Jed Lowrie was out of the lineup with Marco Scutaro at short. Lowrie continues to feel some discomfort in his left shoulder and was out of the lineup in the series finale in Toronto Sunday.

Coupled with Monday's off-day, this will give Lowrie three straight days off, "which I don't think can hurt him at all,'' said Francona.

Sean McAdam can be reached at Sean on Twitter at http:twitter.comsean_mcadam

Are Red Sox playing a waiting game before naming their new manager?

Are Red Sox playing a waiting game before naming their new manager?

BOSTON — As soon as the American League Championship Series ends, the Red Sox could make a move for their manager.

Industry sources continue to expect Astros bench coach Alex Cora will be the Sox’ pick. No offer had been officially made as of midday Wednesday, one source close to the situation said. But the belief is such an offer waits out of respect to the Astros-Yankees ALCS that can end no later than Saturday if the series goes a full seven games. 


“Not a doubt it is him,” the source said.

Sunday and Monday would both be off days ahead of the Tuesday night start of the World Series. That leads to the potential for at least a Red Sox announcement of Cora, if not a press conference, before the Fall Classic begins. (If the Astros advance to the World Series, it may be harder to have Cora in Boston for any length of time.)

All those who know Cora praise his ability to connect with players. The former Red Sox infielder is good friends with Dustin Pedroia. Cora’s previous knowledge of the Boston market works in his favor, as well, as does his mettle handling the media. Some question his readiness as a first-time manager, considering he would be taking over a team with great win-now expectations and complicated clubhouse dynamics.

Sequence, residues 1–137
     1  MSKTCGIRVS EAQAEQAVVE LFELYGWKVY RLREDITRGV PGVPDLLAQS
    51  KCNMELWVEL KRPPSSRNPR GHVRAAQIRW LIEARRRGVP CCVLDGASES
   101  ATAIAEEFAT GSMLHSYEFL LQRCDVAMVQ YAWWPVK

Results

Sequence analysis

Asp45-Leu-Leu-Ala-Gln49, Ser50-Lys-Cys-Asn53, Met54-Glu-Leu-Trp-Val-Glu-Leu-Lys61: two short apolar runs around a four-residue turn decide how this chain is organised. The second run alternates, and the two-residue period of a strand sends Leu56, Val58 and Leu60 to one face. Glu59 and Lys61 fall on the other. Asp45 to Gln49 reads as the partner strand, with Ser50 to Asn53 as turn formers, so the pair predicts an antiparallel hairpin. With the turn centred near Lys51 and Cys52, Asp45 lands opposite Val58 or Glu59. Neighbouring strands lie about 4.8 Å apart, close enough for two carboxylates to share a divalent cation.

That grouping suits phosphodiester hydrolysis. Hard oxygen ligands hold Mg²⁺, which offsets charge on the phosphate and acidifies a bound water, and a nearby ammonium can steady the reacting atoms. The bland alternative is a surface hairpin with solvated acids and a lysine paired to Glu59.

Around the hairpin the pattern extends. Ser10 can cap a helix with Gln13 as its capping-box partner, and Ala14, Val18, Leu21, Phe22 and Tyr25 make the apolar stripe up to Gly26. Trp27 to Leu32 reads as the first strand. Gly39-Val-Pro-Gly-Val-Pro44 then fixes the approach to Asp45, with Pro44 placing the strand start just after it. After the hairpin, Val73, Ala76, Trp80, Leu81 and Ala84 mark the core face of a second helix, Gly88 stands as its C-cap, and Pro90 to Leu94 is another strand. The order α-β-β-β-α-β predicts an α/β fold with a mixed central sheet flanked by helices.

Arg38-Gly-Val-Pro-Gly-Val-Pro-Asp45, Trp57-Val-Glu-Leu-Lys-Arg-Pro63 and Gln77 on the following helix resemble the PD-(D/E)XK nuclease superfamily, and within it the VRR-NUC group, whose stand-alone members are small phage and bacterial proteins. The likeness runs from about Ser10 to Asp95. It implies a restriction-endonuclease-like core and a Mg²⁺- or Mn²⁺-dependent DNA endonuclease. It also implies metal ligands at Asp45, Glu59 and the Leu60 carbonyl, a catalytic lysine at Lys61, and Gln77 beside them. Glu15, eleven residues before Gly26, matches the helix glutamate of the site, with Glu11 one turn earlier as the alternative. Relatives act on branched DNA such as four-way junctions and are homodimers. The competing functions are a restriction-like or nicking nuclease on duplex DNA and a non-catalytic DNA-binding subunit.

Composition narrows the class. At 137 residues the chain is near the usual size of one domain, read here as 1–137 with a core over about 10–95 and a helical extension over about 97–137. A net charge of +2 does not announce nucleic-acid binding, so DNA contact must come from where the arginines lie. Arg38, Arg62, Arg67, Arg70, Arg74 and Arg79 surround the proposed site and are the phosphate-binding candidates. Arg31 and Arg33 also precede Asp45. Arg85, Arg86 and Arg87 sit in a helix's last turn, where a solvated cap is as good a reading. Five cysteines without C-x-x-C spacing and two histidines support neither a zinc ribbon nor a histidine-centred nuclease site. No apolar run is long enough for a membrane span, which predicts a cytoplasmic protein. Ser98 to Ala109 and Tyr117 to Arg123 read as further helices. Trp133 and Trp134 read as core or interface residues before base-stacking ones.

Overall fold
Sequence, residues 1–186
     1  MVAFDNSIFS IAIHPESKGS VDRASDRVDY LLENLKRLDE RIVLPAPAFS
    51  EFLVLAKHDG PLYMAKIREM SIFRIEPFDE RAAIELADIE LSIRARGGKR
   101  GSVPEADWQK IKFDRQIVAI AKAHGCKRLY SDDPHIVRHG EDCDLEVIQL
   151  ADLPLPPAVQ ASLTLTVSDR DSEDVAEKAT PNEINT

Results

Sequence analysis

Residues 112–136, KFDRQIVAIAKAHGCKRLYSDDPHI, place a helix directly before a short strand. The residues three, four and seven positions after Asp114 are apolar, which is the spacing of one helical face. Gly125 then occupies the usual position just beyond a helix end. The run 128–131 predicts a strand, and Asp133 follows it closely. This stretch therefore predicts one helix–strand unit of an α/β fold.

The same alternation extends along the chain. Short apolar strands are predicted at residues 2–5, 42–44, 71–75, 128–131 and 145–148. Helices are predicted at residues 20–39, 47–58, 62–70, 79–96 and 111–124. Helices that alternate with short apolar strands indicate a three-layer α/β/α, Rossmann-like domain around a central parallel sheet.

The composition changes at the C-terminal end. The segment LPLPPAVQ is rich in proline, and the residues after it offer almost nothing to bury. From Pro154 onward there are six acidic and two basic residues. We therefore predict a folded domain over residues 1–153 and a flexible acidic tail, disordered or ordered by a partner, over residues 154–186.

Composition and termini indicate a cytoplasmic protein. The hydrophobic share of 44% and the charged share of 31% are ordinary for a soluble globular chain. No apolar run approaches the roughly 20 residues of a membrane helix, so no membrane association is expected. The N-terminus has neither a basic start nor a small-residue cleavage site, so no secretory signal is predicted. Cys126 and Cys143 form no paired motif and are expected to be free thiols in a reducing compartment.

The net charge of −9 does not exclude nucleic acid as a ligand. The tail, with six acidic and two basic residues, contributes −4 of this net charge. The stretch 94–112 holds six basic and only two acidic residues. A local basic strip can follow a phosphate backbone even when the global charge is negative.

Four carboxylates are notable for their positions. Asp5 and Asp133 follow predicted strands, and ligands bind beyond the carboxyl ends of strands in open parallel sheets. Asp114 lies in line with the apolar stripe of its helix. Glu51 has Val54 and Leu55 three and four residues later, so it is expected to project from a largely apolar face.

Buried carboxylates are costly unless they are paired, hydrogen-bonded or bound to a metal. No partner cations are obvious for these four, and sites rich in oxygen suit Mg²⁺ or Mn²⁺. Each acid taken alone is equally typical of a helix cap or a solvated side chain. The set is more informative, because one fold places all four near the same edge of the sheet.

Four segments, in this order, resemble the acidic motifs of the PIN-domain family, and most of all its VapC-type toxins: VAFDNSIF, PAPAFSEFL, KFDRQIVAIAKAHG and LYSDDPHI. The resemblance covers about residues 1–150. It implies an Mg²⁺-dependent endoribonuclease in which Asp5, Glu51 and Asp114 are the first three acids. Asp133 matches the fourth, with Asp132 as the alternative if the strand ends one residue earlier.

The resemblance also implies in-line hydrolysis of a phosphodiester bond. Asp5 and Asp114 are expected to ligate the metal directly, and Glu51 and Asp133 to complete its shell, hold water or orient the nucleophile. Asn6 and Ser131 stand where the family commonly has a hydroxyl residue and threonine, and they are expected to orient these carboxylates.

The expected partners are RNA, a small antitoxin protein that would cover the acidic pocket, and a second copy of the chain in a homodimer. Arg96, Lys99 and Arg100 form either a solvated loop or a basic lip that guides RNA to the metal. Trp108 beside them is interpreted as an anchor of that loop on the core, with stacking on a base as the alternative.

Nothing takes the place of experience and there is such a thing as being too close to players. Ultimately, if the Sox do land Cora, 41, they would be adding the hottest up-and-coming managerial prospect who’s available on the market. The everybody-wants-him reputation could give Cora added cachet with players and certainly becomes a public-relations win for those fans following the search.

The Sox interviewed Ron Gardenhire on Wednesday. Gardenhire was the third candidate the Sox talked to and could well be the last. Cora met with the Sox on Sunday, followed by Brad Ausmus on Monday.

NLCS: Cubs avoid sweep, top Dodgers 3-2 to cut series deficit to 3-1


NLCS: Cubs avoid sweep, top Dodgers 3-2 to cut series deficit to 3-1

CHICAGO -- Javier Baez sensed he was ready to bust out of his slump and give the Chicago Cubs the lift they needed.

As breakthroughs go, this was a big one. Just in time to keep the season going for the defending champs.

Baez snapped an 0-for-20 skid with two home runs, Wade Davis hung on for a six-out save and Cubs avoided a sweep, holding off the Los Angeles Dodgers 3-2 Wednesday night in Game 4 of the NL Championship Series.

"We have to be much more offensive," manager Joe Maddon said. "It's got to start happening tomorrow. We're going to do this. Going to pull this off, we have to become more offensive tomorrow."

Baez finally got going with a pair of solo drives .

Jake Arrieta pitched three-hit ball into the seventh inning to help the Cubs close their deficit to 3-1. Maddon got ejected for the second time in this series in the eighth, and a packed Wrigley Field crowd watched Davis get Cody Bellinger to ground into a game-ending double play.

Maddon was heavily criticized for not using Davis during a 4-1 loss in Game 2. This time, the Cubs closer threw 48 pitches to finish the job.

Willson Contreras also homered for the Cubs. Bellinger and Justin Turner connected for the Dodgers, who had won a team-record six straight playoff games.

Game 5 is Thursday, with Jose Quintana pitching for Chicago against Dodgers ace Clayton Kershaw.